Telehealth Policies Made Permanent Post-COVID
Legislation making COVID-19 flexibilities permanent touched on a multitude of telehealth policy areas. These include Medicaid coverage, private insurance coverage, audio-only telephone consultations, cross-state licensing and several more.
Twenty-seven states enacted legislation enhancing Medicaid coverage for services delivered via telehealth. For example, Arkansas expanded the list of providers eligible to conduct counseling through telehealth for Medicaid recipients and required coverage for group therapy, crisis intervention services, substance use assessment and other telebehavioral health services.
Private Insurance Coverage
Twenty-seven states enacted bills related to private insurance coverage for telehealth. New Hampshire required insurers to reimburse for telehealth on the same basis as in-person care (i.e., payment parity). Iowa permanently implemented payment parity for mental health services delivered through telehealth.
Audio-Only Telephone Visits
At least 29 states increased access to audio-only telephone visits, which were less common prior to the pandemic. For example, after convening a work group to study permitting telephone consultations after the public health emergency, Vermont required private health plans and Medicaid to cover medically necessary, clinically appropriate audio-only telephone consults to the same extent as in-person care. The legislation also requires the state to study the effects of telephone visits on access to care, utilization, quality of care, patient satisfaction, health care costs and value-based payment arrangements.
After streamlining the licensure process for out-of-state providers using telehealth during the pandemic, at least five states—Arizona, Kansas, New York, Tennessee and West Virginia—permanently allowed providers licensed in other states to deliver services to in-state residents under certain conditions (separate from provider-specific licensure compacts).
Many states permanently modified requirements relating to where a patient could receive services via telehealth (i.e., originating site) or where providers could deliver those services (i.e., distant site). For example, New York removed originating site restrictions, allowing patients to use telehealth wherever they are located. Mississippi expanded its definition for both originating and distant site for its Medicaid program to include federally qualified health centers, rural health clinics and community mental health services.
Some states, such as Hawaii, Montana and South Dakota, authorized providers to establish a provider-patient relationship through telehealth under certain circumstances, rather than requiring an initial in-person visit.
Prescribing via Telehealth
A handful of states waived certain restrictions on prescribing medications through telehealth. For example, Virginia authorized providers with an established provider-patient relationship, including one established through telehealth, to issue a prescription for certain controlled substances in accordance with federal law.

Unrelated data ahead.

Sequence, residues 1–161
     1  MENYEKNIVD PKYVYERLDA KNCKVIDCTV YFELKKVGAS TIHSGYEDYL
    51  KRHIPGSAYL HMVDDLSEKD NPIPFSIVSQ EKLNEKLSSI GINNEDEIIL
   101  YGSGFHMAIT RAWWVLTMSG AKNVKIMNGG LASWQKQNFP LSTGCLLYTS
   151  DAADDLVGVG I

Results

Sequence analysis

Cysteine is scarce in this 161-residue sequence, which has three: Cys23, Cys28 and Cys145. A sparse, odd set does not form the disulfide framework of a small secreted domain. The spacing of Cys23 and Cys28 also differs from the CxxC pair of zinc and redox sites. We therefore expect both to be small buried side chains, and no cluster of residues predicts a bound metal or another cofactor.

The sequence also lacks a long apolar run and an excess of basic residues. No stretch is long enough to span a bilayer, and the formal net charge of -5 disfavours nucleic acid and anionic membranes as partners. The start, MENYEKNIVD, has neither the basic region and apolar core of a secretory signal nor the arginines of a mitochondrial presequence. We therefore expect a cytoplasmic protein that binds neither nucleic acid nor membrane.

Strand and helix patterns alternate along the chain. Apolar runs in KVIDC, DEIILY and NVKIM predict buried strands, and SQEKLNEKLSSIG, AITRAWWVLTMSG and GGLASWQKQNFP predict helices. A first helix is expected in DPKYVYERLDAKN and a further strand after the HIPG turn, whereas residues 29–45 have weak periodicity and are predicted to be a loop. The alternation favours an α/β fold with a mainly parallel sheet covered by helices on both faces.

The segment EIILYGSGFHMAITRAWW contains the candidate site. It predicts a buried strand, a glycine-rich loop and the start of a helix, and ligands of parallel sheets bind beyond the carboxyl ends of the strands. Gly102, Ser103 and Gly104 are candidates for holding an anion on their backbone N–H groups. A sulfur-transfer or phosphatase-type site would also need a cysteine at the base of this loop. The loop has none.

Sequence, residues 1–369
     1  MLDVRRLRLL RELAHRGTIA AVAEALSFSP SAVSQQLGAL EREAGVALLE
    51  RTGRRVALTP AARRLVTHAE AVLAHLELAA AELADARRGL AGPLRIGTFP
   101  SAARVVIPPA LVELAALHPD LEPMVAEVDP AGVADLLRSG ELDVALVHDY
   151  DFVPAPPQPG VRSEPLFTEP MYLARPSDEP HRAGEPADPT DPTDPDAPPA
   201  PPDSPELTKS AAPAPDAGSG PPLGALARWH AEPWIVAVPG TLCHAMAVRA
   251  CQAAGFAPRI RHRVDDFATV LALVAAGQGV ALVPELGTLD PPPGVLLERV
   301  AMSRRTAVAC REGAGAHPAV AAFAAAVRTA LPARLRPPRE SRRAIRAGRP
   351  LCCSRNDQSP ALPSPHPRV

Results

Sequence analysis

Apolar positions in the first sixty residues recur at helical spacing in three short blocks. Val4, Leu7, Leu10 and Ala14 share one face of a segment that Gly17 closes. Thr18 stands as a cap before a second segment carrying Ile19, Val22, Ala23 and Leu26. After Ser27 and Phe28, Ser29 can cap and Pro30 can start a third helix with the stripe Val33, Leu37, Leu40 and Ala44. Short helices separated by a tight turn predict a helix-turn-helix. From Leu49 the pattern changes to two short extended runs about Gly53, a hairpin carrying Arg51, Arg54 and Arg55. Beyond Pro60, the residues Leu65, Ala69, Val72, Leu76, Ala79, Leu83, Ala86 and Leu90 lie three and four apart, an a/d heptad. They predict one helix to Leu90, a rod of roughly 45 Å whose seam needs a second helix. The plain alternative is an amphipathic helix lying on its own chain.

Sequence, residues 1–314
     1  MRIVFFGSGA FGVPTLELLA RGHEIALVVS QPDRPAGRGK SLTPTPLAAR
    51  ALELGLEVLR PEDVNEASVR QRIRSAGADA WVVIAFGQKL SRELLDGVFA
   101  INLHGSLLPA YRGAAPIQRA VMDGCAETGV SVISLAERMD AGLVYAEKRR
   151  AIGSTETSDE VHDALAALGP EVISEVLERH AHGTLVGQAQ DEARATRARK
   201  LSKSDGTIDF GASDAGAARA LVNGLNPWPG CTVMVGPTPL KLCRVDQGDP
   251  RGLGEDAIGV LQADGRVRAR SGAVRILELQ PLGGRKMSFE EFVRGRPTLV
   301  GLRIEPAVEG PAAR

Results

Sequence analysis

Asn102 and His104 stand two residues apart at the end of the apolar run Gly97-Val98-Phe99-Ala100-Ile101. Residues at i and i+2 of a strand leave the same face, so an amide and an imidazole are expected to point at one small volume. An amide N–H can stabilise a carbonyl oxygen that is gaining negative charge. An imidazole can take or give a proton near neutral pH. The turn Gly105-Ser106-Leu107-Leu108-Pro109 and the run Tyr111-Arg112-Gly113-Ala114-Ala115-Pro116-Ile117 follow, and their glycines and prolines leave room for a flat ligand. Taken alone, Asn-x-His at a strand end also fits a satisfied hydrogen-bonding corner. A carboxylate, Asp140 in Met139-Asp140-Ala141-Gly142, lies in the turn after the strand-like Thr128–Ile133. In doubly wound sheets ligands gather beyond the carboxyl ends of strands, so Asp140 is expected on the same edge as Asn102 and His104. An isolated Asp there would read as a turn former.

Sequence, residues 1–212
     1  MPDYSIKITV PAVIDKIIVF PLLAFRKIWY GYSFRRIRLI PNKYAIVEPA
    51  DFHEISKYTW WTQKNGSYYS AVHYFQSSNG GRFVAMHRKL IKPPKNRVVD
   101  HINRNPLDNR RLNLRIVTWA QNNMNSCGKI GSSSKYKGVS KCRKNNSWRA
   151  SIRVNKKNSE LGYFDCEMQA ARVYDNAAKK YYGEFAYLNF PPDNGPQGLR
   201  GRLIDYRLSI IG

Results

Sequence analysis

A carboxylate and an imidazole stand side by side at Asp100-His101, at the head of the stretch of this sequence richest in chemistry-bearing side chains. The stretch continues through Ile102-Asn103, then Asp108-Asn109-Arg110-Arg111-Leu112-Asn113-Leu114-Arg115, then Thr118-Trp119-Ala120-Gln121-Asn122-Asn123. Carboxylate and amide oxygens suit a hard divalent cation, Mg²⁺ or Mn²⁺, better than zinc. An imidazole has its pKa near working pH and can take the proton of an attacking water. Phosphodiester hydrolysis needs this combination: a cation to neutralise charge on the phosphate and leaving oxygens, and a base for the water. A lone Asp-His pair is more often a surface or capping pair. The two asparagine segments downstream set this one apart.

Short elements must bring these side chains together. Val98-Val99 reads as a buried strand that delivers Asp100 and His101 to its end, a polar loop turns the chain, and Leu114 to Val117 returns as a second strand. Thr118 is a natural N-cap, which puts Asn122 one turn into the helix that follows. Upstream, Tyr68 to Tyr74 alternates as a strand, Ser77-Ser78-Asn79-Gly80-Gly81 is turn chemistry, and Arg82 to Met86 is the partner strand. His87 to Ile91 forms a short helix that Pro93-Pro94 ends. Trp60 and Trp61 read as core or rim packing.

The Wait-And-See Approach
While many states have taken legislative action to make changes permanent, some have temporarily extended certain flexibilities beyond the public health emergency or established committees or working groups to further evaluate telehealth policies for the long-term.
Arizona enacted several permanent changes related to telehealth, including payment parity and interstate licensing. The state also established a telehealth advisory committee to develop best practices and guidelines related to telehealth, including the effectiveness of certain telehealth modalities and populations best served by telehealth.
Connecticut enacted legislation to extend certain COVID-related changes for two years until June 2023, including requiring payment parity and expanding the list of providers eligible to use telehealth. State lawmakers also enacted separate legislation to permanently require Medicaid coverage for audio-only telephone visits.
Vermont created the “Facilitation of Interstate Practice Using Telehealth Working Group” and charged the work group to study the effects of streamlining interstate licensing requirements for out-of-state providers using telehealth.
Some states have taken non-legislative actions—through governor’s offices, Medicaid agencies, licensing boards and other state agencies—to make COVID-related changes permanent.
The California Department of Health Care Services, which operates the state’s Medicaid program, released a list of several COVID-related telehealth modifications it plans to make permanent—including payment parity for services delivered via telehealth in real-time and coverage for audio-only telephone visits.
Idaho’s governor signed an executive order directing state agencies to make more than 150 emergency rules permanent, including several related to telehealth. Changes included streamlining the licensing process for out-of-state providers and allowing providers to use platforms like FaceTime or Zoom.
Ohio Department of Medicaid permanently expanded coverage for different methods of telehealth (e.g., audio-only and remote patient monitoring), authorized different types of providers to deliver services via telehealth, and lifted originating and distant site restrictions. The rules also increased the number and types of services that could be delivered through telehealth, including virtual check-ins by a physician or other provider, physical therapy, additional behavioral health services and more.